Spain declares war against tiger mosquito with sterile males

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Insect world / Shutterstock
BITE-SIZED: The tiger mosquito

SCIENTISTS in Valencia are conducting tests designed to eradicate Spain’s tiger mosquito population. 

A plan is being developed to fight back against the pest which has invaded Spain in droves since its arrival in 2005.  

The mosquito has been known to transmit unpleasant diseases such as dengue and yellow fever.

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Keen to reduce the growing numbers of tiger mosquitoes across Spain, scientists seemingly counterintuitively plan to release more of the insects into the wild. 

However, the latest additions to the tiger mosquito population will be laboratory-modified versions of the pest that will hopefully land a devastating blow to the existing tiger mosquito numbers in Spain. 

The group of mosquitoes reared in the laboratories of Valencia are sterile and when released will attempt to mate with the existing female population.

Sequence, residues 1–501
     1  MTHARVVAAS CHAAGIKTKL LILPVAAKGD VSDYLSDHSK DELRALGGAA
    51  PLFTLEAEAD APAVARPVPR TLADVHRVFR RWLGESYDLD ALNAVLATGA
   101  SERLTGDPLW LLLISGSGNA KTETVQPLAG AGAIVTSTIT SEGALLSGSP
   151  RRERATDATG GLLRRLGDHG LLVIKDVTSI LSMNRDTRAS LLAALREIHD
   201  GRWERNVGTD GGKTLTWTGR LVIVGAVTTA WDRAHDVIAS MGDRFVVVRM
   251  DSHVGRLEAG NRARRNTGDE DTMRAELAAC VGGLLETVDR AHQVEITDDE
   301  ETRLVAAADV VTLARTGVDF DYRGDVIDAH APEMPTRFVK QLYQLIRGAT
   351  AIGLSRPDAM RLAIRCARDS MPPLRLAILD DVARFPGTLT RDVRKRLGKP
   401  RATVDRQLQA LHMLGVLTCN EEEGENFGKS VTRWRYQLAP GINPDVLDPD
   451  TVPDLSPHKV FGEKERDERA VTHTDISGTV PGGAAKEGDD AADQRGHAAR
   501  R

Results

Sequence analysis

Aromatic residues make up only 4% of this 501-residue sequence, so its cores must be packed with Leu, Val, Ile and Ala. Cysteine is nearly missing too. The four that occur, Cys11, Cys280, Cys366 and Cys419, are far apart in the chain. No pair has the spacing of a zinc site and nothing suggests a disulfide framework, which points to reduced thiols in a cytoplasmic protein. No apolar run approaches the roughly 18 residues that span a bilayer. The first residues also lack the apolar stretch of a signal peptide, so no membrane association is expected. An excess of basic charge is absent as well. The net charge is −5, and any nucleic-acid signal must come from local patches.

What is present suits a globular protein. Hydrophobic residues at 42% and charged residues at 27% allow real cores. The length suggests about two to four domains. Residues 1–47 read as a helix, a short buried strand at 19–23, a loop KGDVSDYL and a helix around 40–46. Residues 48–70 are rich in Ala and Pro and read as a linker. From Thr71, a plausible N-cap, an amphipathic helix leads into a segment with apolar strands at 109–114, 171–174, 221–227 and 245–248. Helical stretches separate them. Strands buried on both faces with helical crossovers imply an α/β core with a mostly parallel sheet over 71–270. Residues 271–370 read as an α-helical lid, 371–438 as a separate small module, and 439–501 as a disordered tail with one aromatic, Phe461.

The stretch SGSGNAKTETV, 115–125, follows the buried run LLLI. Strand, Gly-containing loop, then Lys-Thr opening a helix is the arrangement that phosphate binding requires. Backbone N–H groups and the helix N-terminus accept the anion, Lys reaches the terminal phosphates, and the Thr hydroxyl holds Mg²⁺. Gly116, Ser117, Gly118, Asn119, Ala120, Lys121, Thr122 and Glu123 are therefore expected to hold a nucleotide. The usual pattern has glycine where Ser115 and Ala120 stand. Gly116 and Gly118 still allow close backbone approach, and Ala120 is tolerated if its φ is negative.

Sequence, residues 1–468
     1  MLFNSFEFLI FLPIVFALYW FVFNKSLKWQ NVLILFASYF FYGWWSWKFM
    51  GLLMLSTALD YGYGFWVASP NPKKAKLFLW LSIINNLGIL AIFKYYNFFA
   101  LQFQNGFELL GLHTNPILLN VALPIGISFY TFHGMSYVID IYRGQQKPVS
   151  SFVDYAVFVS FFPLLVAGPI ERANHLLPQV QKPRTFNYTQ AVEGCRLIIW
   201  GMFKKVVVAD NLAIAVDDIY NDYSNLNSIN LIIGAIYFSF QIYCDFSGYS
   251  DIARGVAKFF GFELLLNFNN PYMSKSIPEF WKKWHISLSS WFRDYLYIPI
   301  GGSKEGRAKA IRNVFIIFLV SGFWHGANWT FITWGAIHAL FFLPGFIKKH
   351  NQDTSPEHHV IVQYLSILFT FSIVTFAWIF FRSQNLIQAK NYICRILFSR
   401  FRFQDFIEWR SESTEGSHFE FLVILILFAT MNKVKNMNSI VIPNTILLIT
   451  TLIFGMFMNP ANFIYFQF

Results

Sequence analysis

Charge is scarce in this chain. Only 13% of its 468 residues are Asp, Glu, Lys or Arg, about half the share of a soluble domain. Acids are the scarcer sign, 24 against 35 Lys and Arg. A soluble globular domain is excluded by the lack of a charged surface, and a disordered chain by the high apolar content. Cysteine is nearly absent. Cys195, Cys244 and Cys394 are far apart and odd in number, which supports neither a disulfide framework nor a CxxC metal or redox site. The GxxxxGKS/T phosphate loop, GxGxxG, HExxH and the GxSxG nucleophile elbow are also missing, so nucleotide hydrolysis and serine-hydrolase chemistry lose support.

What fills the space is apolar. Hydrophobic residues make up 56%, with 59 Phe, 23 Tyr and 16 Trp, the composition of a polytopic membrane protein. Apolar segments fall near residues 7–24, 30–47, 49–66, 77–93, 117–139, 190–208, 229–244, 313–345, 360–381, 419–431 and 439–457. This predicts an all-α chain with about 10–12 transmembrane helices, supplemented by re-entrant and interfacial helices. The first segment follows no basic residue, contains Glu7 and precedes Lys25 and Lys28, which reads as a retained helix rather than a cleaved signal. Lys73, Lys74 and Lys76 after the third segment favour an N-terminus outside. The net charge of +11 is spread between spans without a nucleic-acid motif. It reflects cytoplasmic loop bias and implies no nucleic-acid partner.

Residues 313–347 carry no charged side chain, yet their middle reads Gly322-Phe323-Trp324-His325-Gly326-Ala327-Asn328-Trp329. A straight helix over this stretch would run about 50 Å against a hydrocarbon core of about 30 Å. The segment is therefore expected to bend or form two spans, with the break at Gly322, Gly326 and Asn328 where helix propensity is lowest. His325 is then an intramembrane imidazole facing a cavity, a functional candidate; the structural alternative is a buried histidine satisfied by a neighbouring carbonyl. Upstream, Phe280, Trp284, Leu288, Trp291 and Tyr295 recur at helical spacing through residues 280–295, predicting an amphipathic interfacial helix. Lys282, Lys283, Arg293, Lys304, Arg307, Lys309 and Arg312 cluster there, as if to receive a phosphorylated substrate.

It is thought that the failed offspring of their efforts will dramatically reduce the numbers of the pest in Spain and will ultimately drive the tiger mosquito out of Spain. 

Trials that have taken place using the sterile mosquitoes have proved to be highly successful and this bloodless scheme has also proved to be very effective combatting fruit fly populations in the region. 

Those worried about releasing fresh batches of sterile mosquitoes into the wild will be reassured to hear that in the case of tiger mosquitoes, only the females bite and feed on blood.  Male tiger mosquitoes prefer a diet of nectar.         

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